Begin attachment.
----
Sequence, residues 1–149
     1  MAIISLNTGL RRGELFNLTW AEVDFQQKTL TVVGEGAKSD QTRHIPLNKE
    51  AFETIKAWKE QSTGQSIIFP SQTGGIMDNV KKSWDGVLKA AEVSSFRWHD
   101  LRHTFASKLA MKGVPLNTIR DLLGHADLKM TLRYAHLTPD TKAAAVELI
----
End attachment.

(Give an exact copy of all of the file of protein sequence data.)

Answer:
Sequence, residues 1–149
     1  MAIISLNTGL RRGELFNLTW AEVDFQQKTL TVVGEGAKSD QTRHIPLNKE
    51  AFETIKAWKE QSTGQSIIFP SQTGGIMDNV KKSWDGVLKA AEVSSFRWHD
   101  LRHTFASKLA MKGVPLNTIR DLLGHADLKM TLRYAHLTPD TKAAAVELI